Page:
The celebratory mood seems to have died down a little in the US as perhaps they realize celebrating the gross violation of international law loud and proud might not be such a good thing.  If the same sort of action where to happen to us, we would not be in such a happy mood, I can guarantee it.  Noam Chomsky wrote an article, appearing on Alternet, that I quote for this post.

“The authors add: “For many at the Pentagon and the Central Intelligence Agency who had spent nearly a decade hunting bin Laden, killing the militant was a necessary and justified act of vengeance.” Furthermore, “Capturing bin Laden alive would have also presented the administration with an array of nettlesome legal and political challenges.” Better, then, to assassinate him, dumping his body into the sea without the autopsy considered essential after a killing, whether considered justified or not – an act that predictably provoked both anger and skepticism in much of the Muslim world.”

Yet another fine act of terror to bring us closer in our relations with those who are different that us.  People watch and listen to see how Western powers act, as we are the self-proclaimed standard bearers of civilization.  What standard to we set when we ignore the rule of law?

“The authors [from the Atlantic Monthly] quote former West German Chancellor Helmut Schmidt, who “told German TV that the U.S. raid was ‘quite clearly a violation of international law’ and that bin Laden should have been detained and put on trial,” contrasting Schmidt with US Attorney General Eric Holder, who “defended the decision to kill bin Laden although he didn’t pose an immediate threat to the Navy SEALs, telling a House panel on Tuesday that the assault had been ‘lawful, legitimate and appropriate in every way’.”

At least all of Western ‘civilization’ is not on board the assassination train.  Germany is not on board, the UK of course is, but then again they do allow for a touch more dissent to hit the media.

“Geoffrey Robertson, who supported the intervention and opposed the execution largely on pragmatic grounds, nevertheless described Obama’s claim that “justice was done” as an “absurdity” that should have been obvious to a former professor of constitutional law. Pakistan law “requires a colonial inquest on violent death, and international human rights law insists that the ‘right to life’ mandates an inquiry whenever violent death occurs from government or police action. The U.S. is therefore under a duty to hold an inquiry that will satisfy the world as to the true circumstances of this killing.” Robertson adds that “The law permits criminals to be shot in self-defense if they (or their accomplices) resist arrest in ways that endanger those striving to apprehend them. They should, if possible, be given the opportunity to surrender, but even if they do not come out with their hands up, they must be taken alive if that can be achieved without risk. Exactly how bin Laden came to be ‘shot in the head’ (especially if it was the back of his head, execution-style) therefore requires explanation.”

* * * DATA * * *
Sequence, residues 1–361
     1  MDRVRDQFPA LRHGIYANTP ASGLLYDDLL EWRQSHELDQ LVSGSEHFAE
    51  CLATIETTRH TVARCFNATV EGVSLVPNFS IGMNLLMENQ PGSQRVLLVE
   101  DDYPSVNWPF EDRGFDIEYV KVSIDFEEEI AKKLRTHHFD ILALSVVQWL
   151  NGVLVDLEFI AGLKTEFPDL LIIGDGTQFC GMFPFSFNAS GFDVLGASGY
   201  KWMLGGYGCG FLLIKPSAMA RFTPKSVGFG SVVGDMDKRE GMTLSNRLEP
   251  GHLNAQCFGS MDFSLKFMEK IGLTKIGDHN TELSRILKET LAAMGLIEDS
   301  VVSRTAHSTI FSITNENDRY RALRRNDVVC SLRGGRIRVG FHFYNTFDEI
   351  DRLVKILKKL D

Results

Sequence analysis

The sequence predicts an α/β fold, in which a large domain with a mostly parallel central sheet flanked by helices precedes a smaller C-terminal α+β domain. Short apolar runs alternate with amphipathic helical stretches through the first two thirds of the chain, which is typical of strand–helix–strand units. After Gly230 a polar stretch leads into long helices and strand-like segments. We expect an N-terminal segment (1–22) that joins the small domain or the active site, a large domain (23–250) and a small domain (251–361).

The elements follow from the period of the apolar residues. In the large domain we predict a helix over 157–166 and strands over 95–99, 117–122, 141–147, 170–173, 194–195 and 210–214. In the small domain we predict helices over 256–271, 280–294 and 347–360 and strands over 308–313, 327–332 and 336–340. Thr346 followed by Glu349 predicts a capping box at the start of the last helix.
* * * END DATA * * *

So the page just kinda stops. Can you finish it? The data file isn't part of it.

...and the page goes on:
Clearly, rules were not followed in this case. History provides a telling counterpoint to that action undertaken by Obama and the US.

“Robertson usefully reminds us that “It was not always thus. When the time came to consider the fate of men much more steeped in wickedness than Osama bin Laden — namely the Nazi leadership — the British government wanted them hanged within six hours of capture. President Truman demurred, citing the conclusion of Justice Robert Jackson that summary execution ‘would not sit easily on the American conscience or be remembered by our children with pride…the only course is to determine the innocence or guilt of the accused after a hearing as dispassionate as the times will permit and upon a record that will leave our reasons and motives clear’.”